Other types of knots include the Small/Oriental/Kent Knot, Nicky Knot, Atlantic Knot, Prince Albert/Double/Cross-Victoria Knot, Victoria Knot, Christensen/Cross Knot, Ediety/Merovingian Knot, etc. The Small Knot is the smallest possible knot and is triangular (equilateral) in shape just like the half-Windsor, but a little more packed. The Nicky Knot, the alternative, favoured, and more balanced version of the Pratt Knot, is self-releasing. The Atlantic Knot, which is tied backwards, is the reversed form of the Pratt Knot and highlights the usually hidden parts of a tie knot. Prince Albert Knot is a variant of Four-in-Hand Knot and slightly differs from the Victoria Knot. When the tie is only knotted through the outermost loop, the knot formed is the Victoria Knot, whereas when the wider flap of the tie is given an extra turn round the front of the tie before it is passed through both of the resultant loops, a Prince Albert Knot is formed. Knotting the tie through the double loop on the front side forms a cruciform structure. Most effectively knotted with thin ties of consistent width (common in the 19th century), the distinguishing feature of Christensen Knot is its cruciform structure – it's a symmetrical and elongated knot. The Ediety Knot is simply a doubled Atlantic Knot, in which the thin flap of the tie lies over the thick flap. It is not categorised by researchers in the 85 ways mentioned above because of the involvement of ten total steps, exceeding the set limit of nine.
Traditional and Nontraditional Uses of Vintage Ties
Some collectors on eBay have spent big money on ties painted with airbrushed gouache, for example, which shows that collectors have different tastes and they use vintage ties not only to wear but also to add unique items to their collection.
Vintage ties can be used to reflect membership in a particular group or organization. Kids of the same school are often seen wearing similar ties, which represents belonging to a particular school club. Similar is the case with vintage ties; they are unique and add to the perceived status of a club. For example, a group of vintage ties belonging to a particular era may be used by the members of a club to indicate exclusivity of their membership.
Some vintage ties of the 1930s and 1940s had political images and a political slogan, such as, 'Vote for Roosevelt', which can mark the start of a unique collection for people interested in politics. Vintage ties also make good gifts, especially for those who have lived their adult years during previous eras, such as a grandfather, or elderly uncle, as it can be a pleasant reminder of happy days, a bygone era, and treasured memories.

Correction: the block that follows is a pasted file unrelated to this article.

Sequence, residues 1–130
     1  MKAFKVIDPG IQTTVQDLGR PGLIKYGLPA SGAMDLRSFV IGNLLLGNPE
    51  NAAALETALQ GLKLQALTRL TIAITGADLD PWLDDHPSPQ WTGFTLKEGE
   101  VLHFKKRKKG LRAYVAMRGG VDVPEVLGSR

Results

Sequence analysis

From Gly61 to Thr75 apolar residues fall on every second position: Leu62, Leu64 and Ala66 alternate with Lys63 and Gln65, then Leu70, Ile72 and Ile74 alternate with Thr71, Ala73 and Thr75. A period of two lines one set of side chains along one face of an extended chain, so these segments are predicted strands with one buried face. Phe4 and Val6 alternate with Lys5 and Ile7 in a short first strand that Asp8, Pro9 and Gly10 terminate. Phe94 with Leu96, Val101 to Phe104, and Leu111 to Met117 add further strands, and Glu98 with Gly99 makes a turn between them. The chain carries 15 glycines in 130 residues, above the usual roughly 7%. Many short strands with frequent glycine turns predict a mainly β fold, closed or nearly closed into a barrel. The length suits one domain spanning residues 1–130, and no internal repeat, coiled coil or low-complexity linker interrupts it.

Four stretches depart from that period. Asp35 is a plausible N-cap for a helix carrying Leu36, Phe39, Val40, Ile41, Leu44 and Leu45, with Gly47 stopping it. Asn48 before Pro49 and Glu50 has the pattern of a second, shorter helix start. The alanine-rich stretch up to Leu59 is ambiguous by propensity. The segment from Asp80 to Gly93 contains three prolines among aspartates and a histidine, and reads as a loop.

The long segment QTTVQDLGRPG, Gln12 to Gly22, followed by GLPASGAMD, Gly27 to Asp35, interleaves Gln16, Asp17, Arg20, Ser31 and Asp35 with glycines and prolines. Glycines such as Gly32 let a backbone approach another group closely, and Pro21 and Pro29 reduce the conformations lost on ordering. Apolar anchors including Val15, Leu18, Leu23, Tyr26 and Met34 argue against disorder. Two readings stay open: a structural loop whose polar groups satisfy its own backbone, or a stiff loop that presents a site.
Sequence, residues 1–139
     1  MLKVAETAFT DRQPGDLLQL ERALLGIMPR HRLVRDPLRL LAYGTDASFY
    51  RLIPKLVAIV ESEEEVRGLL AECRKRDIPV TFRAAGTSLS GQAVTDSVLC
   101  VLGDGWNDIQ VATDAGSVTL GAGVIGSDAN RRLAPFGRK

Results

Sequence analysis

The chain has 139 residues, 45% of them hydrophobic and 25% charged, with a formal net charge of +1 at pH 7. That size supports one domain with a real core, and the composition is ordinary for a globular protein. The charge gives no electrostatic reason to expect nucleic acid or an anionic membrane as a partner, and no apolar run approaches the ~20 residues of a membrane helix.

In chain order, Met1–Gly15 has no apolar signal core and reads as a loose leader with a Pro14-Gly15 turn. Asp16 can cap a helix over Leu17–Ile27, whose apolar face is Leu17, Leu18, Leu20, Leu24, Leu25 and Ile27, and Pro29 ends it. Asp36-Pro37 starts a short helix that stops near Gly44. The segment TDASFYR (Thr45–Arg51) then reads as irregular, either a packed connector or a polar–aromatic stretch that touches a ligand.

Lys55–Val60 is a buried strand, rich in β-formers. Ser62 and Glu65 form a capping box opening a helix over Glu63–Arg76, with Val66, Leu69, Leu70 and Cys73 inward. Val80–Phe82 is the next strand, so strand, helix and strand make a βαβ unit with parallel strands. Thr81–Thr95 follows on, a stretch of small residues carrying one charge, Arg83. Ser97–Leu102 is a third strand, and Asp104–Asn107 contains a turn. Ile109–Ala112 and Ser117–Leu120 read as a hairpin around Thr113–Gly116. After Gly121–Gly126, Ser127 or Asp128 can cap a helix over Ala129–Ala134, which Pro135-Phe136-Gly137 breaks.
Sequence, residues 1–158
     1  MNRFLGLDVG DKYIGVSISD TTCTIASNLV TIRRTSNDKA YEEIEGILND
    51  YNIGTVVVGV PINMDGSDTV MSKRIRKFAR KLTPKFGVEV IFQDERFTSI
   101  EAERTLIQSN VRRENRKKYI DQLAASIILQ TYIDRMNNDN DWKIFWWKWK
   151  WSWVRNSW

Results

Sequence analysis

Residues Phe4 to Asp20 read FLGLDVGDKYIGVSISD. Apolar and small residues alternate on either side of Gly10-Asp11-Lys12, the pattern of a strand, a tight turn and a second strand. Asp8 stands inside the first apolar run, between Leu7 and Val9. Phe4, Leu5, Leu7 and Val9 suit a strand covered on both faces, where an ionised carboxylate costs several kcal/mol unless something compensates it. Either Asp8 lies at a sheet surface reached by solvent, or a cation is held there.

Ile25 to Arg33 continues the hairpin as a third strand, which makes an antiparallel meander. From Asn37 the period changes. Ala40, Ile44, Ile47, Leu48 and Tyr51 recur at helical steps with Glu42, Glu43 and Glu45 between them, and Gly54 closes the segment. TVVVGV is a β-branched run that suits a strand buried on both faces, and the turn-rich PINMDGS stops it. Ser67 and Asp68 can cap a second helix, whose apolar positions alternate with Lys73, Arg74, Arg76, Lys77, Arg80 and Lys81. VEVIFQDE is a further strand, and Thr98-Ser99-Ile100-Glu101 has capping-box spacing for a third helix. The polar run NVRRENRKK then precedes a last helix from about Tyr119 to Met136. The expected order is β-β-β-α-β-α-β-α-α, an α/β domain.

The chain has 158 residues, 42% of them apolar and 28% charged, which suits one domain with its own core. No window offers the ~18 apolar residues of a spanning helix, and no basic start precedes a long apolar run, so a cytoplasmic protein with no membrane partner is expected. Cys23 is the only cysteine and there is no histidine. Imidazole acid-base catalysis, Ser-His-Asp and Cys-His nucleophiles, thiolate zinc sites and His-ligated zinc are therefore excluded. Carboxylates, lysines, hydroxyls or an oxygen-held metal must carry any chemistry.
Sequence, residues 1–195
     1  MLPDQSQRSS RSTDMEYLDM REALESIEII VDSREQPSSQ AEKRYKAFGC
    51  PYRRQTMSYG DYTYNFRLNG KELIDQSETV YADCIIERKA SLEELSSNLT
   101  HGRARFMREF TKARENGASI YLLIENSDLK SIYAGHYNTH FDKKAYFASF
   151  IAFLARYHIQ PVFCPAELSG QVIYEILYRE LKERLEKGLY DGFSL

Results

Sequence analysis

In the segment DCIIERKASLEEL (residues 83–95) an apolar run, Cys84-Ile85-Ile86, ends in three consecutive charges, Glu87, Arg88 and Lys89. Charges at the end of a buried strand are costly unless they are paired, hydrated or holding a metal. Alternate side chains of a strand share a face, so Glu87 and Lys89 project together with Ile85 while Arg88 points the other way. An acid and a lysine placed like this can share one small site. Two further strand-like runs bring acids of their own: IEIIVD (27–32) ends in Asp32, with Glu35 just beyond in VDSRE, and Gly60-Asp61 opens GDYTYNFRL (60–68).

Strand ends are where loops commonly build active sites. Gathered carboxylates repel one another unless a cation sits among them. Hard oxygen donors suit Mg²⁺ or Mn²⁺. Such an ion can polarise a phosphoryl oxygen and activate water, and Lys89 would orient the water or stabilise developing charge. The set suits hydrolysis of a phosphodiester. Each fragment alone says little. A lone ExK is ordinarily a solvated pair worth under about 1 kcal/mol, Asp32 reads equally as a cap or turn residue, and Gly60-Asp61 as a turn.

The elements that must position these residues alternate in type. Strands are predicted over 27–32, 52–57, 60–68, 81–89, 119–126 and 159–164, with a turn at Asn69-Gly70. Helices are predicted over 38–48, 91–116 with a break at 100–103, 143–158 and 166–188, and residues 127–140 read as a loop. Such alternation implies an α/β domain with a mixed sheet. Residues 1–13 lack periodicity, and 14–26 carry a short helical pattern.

Vintage ties are not only popular with men but also with women. This popularity has inspired a number of hotels and restaurants to make them a standard part of their uniform. A particular restaurant can add distinction to the uniform of its employees by employing vintage ties rarely found elsewhere. The same applies to schools, colleges, and organisations, not to mention restricted membership clubs. Vintage ties have also been used by female celebrities as a fashion statement. In the 1970s and 1980s, in fact, ties were a part of casual wear for young women in the United States. In 1993, both in the United States and Europe, after a break of some years, ties reappeared as fashion accessories for women.
Places to Purchase Vintage Ties
Borrowing from friends and relatives has been one of the most widely observed practices, because of the rarity of vintage ties. Garage sales, flea markets, car boot sales, auctions, vintage clothing shops, textile fairs, etc., are some likely places to acquire vintage ties. The Internet boom has helped the collectors of vintage ties a great deal, and hard-to-get items are now often just a click away. Buyers can surf through the different options from the comfort of their own home. eBay also offers a huge variety of vintage (and similar) ties in auction.
Buying Vintage Ties on eBay
Vintage ties of different brands, colours, materials, conditions, price ranges, eras, and buying formats are available on the Internet, as well as in a number of vintage brick and mortar stores.
eBay features a wide collection of Vintage, Vintage-style/Retro, and Reproduction ties.
Alternatively, you can find the one you want by simply entering the words 'Vintage ties' in the search bar. You can also search 'retro ties', and 'vintage style ties'. Narrow the search by selecting a specific brand such as ''Vivienne Westwood Tie''. Entering your postal code under 'Distance' will help you find listings in your neighbourhood and perhaps see the item before purchase through eBay.
Some hobbyists collect vintage ties dating back to a particular era. Vintage ties span not only different eras but different styles, with corresponding accompanying knots. Proper research should be done before buying a vintage tie, and the buyer would be well served to familiarize themselves with the difference between actual vintage ties and those similar but potentially confusing or misleading terms coined by different sellers, in order to make a more informed selection.
With the Internet boom, buying vintage ties these days has become a lot easier. eBay offers a wide collection of vintage (and similar) ties and helps the lovers of vintage ties to further enhance their collections. A collector/purchaser ideally will know something about the origin of each vintage tie and the complementary types of knots, as it adds an interesting facet when sharing the details of their passion with loved ones, displaying, or generally discussing a beloved collection.